Change the blocking rules on kicks--back to the way they were if needed.
The rouge is fine as is.

Lots of talk about a penalty for punting out of bounds.
I think a 5 yard/10yard option for the refs might work.
Some people want 15, but that is too much.
And when a guy shanks the ball for a 25 yarder, adding a 10 yard penalty might just be a little extreme as well.
Give the refs some latitude on this issue.
And something must be done to A). discourage safeties, and B). to end the silly penalties on the play.
Maybe add the yardage to the impending kick-off.

Just say "no" to those changes...if I wanted to see more running in football I'd watch the NFL. Passing is what makes the CFL more exciting. If you implemented those changes we'd need another down too.

If you want to make some positive changes,

  1. Get rid of the single point for putting the ball through the endzone, that is truly the stupidest thing I've ever seen. Being rewarded for missing a field goal....dumb!

  2. Get rid of the no-yards rule. This is the only rule where the NFL has it right. Signal fair catch or take your chances. Kicking is about field position management, kick too far and the other team starts on the 20 anyway.

The biggest problem with any rule changes is the fact that CFL officiating is Mickey Mouse at best. Jake Ireland and Ken Lazarus can't see the replay screen 6 inches in front of them, much less play action. The referrees need better training and apparently stronger glasses.

The rouge is fine, thanks. You are being rewarded for gaining field position, not missing a field goal.
Perhaps we should get rid of fieldgoals themselves?
Imagine, being rewarded for failing to score a touchdown!!

The NFL kicking rules are arcane at best, stupid at worst.
I doubt you will find many fans of the CFL that will concur about how wonderful the fair catch rule is...I for one think it is stupid.

One thing I would like to see to discourage field goals would be to move the goal posts to the back of the end zone. Then on 3rd and a yard from say the 30 where it would be a 56 yarder, teams might try for a first down which would make it more exciting than always going for a field goal there.

To those suggesting the present contact on recievers is fine merely because football is a tough-man's sport:

There are still going to be big hits and great blocking & tackles on passing plays. Eliminating contact before & while the ball is in the air will but emphasis on skill and open up the passing game just enough to add that extra long bomb or TD grab per game that the league's missed out on this year. The rules are already defined this way but the refs let alot more contact go than is defined. On passing plays, the defenders should be allowed to play the ball, nothing else until someone gets to that ball be it an offensive or defensive player. Every player is entitled to his own space on the field so a reciever charging through or tripping over a defender isn't going to be interference. It won't result in the rediculousness of every receiver being open every play.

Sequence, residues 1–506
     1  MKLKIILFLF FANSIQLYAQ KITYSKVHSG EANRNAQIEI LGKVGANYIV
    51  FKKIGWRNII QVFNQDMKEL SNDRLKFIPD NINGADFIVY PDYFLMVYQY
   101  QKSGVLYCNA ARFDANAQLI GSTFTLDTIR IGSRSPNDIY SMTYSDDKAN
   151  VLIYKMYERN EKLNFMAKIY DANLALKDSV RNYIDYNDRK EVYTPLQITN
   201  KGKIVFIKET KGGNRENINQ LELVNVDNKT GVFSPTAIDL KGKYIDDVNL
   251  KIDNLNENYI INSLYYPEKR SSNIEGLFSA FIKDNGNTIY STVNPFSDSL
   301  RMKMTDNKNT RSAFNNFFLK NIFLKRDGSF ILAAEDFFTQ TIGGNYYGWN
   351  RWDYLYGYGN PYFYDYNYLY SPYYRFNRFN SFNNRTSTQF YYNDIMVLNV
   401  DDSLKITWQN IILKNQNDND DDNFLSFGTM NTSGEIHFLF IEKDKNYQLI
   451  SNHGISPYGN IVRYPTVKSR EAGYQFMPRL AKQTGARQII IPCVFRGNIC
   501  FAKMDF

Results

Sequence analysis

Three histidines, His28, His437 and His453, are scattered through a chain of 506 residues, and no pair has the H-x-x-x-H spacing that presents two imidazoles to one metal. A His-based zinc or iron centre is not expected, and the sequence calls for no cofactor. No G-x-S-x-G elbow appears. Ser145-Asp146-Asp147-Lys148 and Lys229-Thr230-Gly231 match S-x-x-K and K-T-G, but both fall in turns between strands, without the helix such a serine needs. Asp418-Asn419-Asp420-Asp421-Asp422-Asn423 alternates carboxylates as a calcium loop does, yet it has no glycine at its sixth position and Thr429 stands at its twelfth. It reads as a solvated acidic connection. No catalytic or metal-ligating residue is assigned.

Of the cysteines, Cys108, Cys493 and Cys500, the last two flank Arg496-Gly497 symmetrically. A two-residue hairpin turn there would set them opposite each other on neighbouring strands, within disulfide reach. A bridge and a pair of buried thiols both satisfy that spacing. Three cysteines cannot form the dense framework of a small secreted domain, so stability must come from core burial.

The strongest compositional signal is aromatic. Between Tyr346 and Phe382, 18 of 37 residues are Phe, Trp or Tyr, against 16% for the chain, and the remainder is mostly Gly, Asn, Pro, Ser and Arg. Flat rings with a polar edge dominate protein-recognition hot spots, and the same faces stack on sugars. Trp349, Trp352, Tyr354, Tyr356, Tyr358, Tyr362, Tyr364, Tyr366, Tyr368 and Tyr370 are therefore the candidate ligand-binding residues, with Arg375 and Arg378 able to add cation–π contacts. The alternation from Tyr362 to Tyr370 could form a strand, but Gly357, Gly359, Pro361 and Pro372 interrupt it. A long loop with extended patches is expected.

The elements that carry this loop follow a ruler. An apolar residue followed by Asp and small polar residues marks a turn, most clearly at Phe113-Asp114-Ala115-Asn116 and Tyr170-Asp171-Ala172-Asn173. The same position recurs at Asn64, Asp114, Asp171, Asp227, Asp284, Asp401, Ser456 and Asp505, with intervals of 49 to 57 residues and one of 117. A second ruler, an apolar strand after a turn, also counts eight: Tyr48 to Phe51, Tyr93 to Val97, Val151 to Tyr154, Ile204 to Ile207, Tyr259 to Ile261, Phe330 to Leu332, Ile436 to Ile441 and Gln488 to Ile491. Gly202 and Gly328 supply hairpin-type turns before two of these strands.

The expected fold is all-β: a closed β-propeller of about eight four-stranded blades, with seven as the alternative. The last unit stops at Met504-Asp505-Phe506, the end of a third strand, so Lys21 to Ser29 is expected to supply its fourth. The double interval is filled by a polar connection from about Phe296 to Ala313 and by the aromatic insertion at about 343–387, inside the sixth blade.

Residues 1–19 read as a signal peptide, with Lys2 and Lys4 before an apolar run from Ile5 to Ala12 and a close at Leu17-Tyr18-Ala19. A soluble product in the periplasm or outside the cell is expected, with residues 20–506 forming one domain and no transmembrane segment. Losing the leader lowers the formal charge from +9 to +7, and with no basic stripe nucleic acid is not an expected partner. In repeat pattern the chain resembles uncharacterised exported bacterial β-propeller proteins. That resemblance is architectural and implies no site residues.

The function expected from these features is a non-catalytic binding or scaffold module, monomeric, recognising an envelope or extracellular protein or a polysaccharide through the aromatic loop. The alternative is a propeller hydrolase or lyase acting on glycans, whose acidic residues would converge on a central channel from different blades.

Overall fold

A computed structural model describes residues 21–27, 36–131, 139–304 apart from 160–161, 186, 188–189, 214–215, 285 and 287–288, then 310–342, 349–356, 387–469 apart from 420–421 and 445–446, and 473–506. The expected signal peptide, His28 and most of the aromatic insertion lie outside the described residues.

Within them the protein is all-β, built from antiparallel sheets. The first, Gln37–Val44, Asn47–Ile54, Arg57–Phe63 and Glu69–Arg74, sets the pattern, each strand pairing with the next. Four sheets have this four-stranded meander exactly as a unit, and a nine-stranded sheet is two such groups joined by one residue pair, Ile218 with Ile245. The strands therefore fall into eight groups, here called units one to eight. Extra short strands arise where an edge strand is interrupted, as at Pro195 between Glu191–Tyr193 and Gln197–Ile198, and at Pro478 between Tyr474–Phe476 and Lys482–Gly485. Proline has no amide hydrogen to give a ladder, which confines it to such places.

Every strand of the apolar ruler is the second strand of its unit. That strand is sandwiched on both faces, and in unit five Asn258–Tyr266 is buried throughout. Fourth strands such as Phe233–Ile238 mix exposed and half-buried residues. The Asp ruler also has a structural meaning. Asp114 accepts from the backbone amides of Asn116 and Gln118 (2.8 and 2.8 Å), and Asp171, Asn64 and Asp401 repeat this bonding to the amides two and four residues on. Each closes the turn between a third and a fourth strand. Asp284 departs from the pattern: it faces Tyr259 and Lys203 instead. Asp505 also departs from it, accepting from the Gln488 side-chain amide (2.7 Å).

I really think in doing this you lose a miniscule amount of physicality & exchange for an appropriate amount of offensive entertainment and I really think its a strong possibility that the league is going to do this next year.

Moving the goalposts to the back of the endzone is something I've warmed up to only if the rouge is redefined as being applicable only on kicked balls that are returnable in the endzone. Otherwise the rouge really would become a reward for failure as opposed to incentive to bring the ball out of the endzone.

To that effect: it seems in the modern era of the CFL, the rouge has lost its purpose as incentive to get out of the endzone. Teams will almost always choose taking the rouge instead of trying to bust a return for fear of being tackled at the 6 yard line.

--Maybe instead of placing the ball at the 35 following a rouge, place it at the 20 where now there is the potential for more field position running it out as opposed to taking the rouge.

--There also exists the option used in the CIS where getting it out of the endzone will place you at the 20 automatically while taking the rouge will place you at the 35. Anything that gets the returner to run toward the opposite end might break out an opportunity for a big kick return.

Comming back the the goalposts at the back of the endzone thing that would kill as many drives without points as it would extend only to see another fieldgoal. I think it would hamper scoring more than it would encourage it.